Hell-Bound Train (James and Eloyce Gist, c. 1930). Another item from the “Pioneers of African-American Cinema” set, this time a 50-minute piece meant to be shown in churches (the filmmakers were an evangelist couple). It has the rhythm and imagery of a folk song, as a locomotive to Hades contains examples of sinners (drinkers, gamblers, people who enjoy jazz). Also a man in a devil costume, rejoicing at each transgression. This is the real deal, unfiltered American folklore.
The Exile (Oscar Micheaux, 1931), The Girl from Chicago (Micheaux, 1932), Veiled Aristocrats (Micheaux, 1932). Early-sound items from the astonishing entrepreneur Micheaux, whose fluid silent-movie style took a hit when sound came in. These three take on political issues, the issues associated with trying to pass for white, and displacement.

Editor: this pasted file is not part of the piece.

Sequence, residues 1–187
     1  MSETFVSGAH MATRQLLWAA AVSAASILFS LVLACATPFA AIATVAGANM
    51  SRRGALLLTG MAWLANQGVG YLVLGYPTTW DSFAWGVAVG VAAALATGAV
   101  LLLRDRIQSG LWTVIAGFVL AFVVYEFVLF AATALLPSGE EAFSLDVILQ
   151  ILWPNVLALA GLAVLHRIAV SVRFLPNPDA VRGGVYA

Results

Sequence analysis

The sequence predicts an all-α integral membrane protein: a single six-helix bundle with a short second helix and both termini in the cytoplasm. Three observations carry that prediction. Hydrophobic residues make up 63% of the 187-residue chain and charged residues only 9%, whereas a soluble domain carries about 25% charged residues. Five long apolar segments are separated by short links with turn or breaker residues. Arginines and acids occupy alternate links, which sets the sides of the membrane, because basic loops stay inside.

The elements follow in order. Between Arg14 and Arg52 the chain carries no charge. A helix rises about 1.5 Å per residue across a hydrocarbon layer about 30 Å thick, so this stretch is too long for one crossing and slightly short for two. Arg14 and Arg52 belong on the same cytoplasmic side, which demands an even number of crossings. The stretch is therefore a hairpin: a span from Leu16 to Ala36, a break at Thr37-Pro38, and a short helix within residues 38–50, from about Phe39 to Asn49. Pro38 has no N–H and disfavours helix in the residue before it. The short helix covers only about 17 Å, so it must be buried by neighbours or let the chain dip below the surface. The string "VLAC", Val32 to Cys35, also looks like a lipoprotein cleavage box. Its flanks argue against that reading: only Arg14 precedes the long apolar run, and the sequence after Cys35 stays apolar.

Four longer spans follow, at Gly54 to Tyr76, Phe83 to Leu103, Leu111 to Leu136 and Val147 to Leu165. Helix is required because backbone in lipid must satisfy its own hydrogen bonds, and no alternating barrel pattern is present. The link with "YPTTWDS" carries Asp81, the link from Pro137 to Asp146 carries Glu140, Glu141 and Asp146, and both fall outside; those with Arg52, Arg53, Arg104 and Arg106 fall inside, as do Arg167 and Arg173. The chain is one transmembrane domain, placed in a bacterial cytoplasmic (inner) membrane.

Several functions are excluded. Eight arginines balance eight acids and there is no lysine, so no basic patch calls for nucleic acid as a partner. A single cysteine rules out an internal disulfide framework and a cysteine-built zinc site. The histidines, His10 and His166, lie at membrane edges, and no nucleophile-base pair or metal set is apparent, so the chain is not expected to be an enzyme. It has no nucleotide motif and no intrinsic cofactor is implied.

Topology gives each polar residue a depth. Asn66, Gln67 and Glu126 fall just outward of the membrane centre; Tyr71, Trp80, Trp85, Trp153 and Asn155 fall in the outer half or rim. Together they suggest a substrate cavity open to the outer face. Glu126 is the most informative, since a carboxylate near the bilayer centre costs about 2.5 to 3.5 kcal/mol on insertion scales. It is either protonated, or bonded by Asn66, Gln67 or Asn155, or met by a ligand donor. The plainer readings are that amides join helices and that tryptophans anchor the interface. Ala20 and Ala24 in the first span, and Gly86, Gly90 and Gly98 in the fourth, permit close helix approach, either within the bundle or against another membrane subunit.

Jason Bourne (Paul Greengrass, 2016). Matt Damon returns to the role after nine years, and Greengrass gets rid of the usual scenes of people talking and focuses the film on a series of suspense scenes. Not a bad way to approach it. (full review 7/29)
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